The double life of cardiac mesenchymal cells: Epimetabolic sensors and therapeutic assets for heart regeneration

Chiara Cencioni, Sandra Atlante, Matteo Savoia, Fabio Martelli, Antonella Farsetti, Maurizio C Capogrossi, Andreas M Zeiher, Carlo Gaetano, Francesco Spallotta

Research output: Contribution to journalArticle

Abstract

Organ-specific mesenchymal cells naturally reside in the stroma, where they are exposed to some environmental variables affecting their biology and functions. Risk factors such as diabetes or aging influence their adaptive response. In these cases, permanent epigenetic modifications may be introduced in the cells with important consequences on their local homeostatic activity and therapeutic potential. Numerous results suggest that mesenchymal cells, virtually present in every organ, may contribute to tissue regeneration mostly by paracrine mechanisms. Intriguingly, the heart is emerging as a source of different cells, including pericytes, cardiac progenitors, and cardiac fibroblasts. According to phenotypic, functional, and molecular criteria, these should be classified as mesenchymal cells. Not surprisingly, in recent years, the attention on these cells as therapeutic tools has grown exponentially, although only very preliminary data have been obtained in clinical trials to date. In this review, we summarized the state of the art about the phenotypic features, functions, regenerative properties, and clinical applicability of mesenchymal cells, with a particular focus on those of cardiac origin.

Original languageEnglish
Pages (from-to)43-55
Number of pages13
JournalPharmacology and Therapeutics
Volume171
DOIs
Publication statusE-pub ahead of print - Oct 11 2016

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Regeneration
Therapeutics
Pericytes
Epigenomics
Fibroblasts
Clinical Trials

Keywords

  • Journal Article
  • Review

Cite this

Cencioni, C., Atlante, S., Savoia, M., Martelli, F., Farsetti, A., Capogrossi, M. C., ... Spallotta, F. (2016). The double life of cardiac mesenchymal cells: Epimetabolic sensors and therapeutic assets for heart regeneration. Pharmacology and Therapeutics, 171, 43-55. https://doi.org/10.1016/j.pharmthera.2016.10.005

The double life of cardiac mesenchymal cells : Epimetabolic sensors and therapeutic assets for heart regeneration. / Cencioni, Chiara; Atlante, Sandra; Savoia, Matteo; Martelli, Fabio; Farsetti, Antonella; Capogrossi, Maurizio C; Zeiher, Andreas M; Gaetano, Carlo; Spallotta, Francesco.

In: Pharmacology and Therapeutics, Vol. 171, 11.10.2016, p. 43-55.

Research output: Contribution to journalArticle

Cencioni, C, Atlante, S, Savoia, M, Martelli, F, Farsetti, A, Capogrossi, MC, Zeiher, AM, Gaetano, C & Spallotta, F 2016, 'The double life of cardiac mesenchymal cells: Epimetabolic sensors and therapeutic assets for heart regeneration', Pharmacology and Therapeutics, vol. 171, pp. 43-55. https://doi.org/10.1016/j.pharmthera.2016.10.005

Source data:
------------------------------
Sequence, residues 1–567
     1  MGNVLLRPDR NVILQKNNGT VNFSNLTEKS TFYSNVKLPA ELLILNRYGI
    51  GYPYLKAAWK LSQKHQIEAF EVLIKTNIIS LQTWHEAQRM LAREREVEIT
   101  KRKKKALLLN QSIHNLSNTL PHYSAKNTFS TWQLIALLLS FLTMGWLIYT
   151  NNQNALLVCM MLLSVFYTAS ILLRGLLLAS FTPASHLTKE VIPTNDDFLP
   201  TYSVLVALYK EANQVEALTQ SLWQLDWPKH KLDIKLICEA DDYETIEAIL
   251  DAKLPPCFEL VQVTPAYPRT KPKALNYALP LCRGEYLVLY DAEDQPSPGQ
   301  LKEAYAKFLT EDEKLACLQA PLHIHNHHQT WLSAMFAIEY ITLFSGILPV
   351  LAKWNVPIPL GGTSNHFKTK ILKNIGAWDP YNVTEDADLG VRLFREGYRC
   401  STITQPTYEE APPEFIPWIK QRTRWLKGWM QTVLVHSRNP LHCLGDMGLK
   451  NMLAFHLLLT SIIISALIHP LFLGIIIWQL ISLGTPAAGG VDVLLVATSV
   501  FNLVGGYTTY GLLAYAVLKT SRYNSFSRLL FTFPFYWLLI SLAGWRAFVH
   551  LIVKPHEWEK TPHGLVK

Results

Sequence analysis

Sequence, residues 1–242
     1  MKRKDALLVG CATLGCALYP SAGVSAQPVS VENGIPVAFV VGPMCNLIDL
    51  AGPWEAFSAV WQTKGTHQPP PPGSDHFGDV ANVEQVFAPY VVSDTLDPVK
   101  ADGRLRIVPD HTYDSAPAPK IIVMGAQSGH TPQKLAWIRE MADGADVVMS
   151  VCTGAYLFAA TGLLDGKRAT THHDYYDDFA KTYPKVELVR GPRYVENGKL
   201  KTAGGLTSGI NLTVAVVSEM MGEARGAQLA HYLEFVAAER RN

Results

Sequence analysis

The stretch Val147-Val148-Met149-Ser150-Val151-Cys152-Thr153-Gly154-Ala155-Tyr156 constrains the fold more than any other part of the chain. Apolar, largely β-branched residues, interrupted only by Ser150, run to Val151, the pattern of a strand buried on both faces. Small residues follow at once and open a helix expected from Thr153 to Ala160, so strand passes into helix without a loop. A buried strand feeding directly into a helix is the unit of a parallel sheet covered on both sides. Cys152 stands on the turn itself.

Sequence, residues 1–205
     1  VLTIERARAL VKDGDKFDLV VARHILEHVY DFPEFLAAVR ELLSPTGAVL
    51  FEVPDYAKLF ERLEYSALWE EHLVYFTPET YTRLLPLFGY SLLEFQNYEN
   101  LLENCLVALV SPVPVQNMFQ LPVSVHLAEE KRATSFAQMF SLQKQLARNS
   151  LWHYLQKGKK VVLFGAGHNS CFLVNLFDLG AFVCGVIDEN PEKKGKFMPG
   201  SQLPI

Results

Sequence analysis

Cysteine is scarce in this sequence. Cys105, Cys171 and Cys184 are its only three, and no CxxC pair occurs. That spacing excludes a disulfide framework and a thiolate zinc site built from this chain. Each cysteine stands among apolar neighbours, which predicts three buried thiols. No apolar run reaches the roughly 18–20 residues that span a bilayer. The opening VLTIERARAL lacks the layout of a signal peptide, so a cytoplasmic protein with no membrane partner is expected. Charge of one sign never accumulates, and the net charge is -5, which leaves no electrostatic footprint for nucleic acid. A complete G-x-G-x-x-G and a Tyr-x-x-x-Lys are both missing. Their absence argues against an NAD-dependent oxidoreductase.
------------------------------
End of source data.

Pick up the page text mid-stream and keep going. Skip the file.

Cencioni, Chiara ; Atlante, Sandra ; Savoia, Matteo ; Martelli, Fabio ; Farsetti, Antonella ; Capogrossi, Maurizio C ; Zeiher, Andreas M ; Gaetano, Carlo ; Spallotta, Francesco. / The double life of cardiac mesenchymal cells : Epimetabolic sensors and therapeutic assets for heart regeneration. In: Pharmacology and Therapeutics. 2016 ; Vol. 171. pp. 43-55.
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AU - Martelli, Fabio

AU - Farsetti, Antonella

AU - Capogrossi, Maurizio C

AU - Zeiher, Andreas M

AU - Gaetano, Carlo

AU - Spallotta, Francesco

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AB - Organ-specific mesenchymal cells naturally reside in the stroma, where they are exposed to some environmental variables affecting their biology and functions. Risk factors such as diabetes or aging influence their adaptive response. In these cases, permanent epigenetic modifications may be introduced in the cells with important consequences on their local homeostatic activity and therapeutic potential. Numerous results suggest that mesenchymal cells, virtually present in every organ, may contribute to tissue regeneration mostly by paracrine mechanisms. Intriguingly, the heart is emerging as a source of different cells, including pericytes, cardiac progenitors, and cardiac fibroblasts. According to phenotypic, functional, and molecular criteria, these should be classified as mesenchymal cells. Not surprisingly, in recent years, the attention on these cells as therapeutic tools has grown exponentially, although only very preliminary data have been obtained in clinical trials to date. In this review, we summarized the state of the art about the phenotypic features, functions, regenerative properties, and clinical applicability of mesenchymal cells, with a particular focus on those of cardiac origin.

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